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December 4, 2013 12:42 pm
When Aenon Loo’s Hong Kong Epilogue, a chamber vocal piece conjoined with a screenscape of archival video footage tracing the city’s urban development, first premiered at the opening of the Asia Society Hong Kong Center in early 2012, the work left two clear impressions: first, that the composer had evidently slept with a recording of Philip Glass’s score to Koyaanisqatsi under his pillow; and second, that the piece would have an entirely different effect with a different set of visuals.
Both impressions were confirmed last week when the piece resurfaced as the climax of the Hong Kong Sinfonietta’s two-week residency at ArtisTree, a multipurpose arts venue seated amid many of the city’s advertising and communications firms. Substantially revised and renamed Here are the years that walk between (the piece’s original subtitle), with a new set of visuals by Law Yuk-mui, Loo’s conceptions were both musically expanded and thematically tightened, leaving little doubt over the primacy of the music.
Where the original was content merely to spin a vague emotional discontent beneath a visual surface of ostensive optimism, Loo’s revisions aim deeper and less ambiguously into a sense of historical sorrow. Although the Sinfonietta’s delivery under associate conductor Jason Lai was at times unbalanced – the tolling “requiem” in the chimes seemed to be played by a sledgehammer – Here are the years reached an orchestral fullness that Epilogue could only imply. Soprano Yuki Ip (the original soloist in Epilogue) received admirable support without having to fight for attention. And yet, despite the piece’s newfound fullness, some of Saturday’s most touching playing was in the interplay between individual musicians.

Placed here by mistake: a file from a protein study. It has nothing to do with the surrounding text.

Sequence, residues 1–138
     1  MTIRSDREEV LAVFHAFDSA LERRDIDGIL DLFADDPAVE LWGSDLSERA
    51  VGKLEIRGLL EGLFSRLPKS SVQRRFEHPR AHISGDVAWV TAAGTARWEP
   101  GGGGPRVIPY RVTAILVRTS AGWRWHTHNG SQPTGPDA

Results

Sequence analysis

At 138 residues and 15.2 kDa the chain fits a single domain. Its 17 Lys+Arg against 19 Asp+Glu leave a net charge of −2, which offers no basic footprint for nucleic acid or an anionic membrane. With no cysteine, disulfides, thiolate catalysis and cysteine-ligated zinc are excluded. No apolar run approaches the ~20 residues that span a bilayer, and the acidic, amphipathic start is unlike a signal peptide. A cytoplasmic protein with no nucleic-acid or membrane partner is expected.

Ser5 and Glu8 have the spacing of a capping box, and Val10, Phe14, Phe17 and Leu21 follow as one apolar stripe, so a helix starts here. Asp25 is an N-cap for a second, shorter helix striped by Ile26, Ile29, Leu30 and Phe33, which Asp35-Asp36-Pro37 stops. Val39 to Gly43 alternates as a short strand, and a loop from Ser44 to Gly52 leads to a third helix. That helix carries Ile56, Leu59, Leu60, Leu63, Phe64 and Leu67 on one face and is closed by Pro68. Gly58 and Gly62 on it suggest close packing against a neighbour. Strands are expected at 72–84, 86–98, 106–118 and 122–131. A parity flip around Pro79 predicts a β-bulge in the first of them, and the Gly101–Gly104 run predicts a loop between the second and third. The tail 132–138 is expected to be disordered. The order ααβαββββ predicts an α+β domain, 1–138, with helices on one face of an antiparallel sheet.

Much has changed since 2012, when Epilogue tapped squarely into the tensions between urban development and historic preservation that dominated discussions of local identity at the time. Law Yuk-mui’s images for Here are the years take a different tack entirely. Requisite shots of the harbour (including an extended parade of feet walking down the Star Ferry gangplank) and superimposed images of night-time neon are counterbalanced by shots from Hong Kong’s 1997 return to China. Intentionally fuzzy shots of Prince Charles and Jiang Zemin, combined with the UK flag – itself a contentious political symbol in Hong Kong these days – being replaced by the flag of China, gracefully unfurl in tandem with an assured postminimalist score that, despite any promise of moving forward, merely moves in circles.
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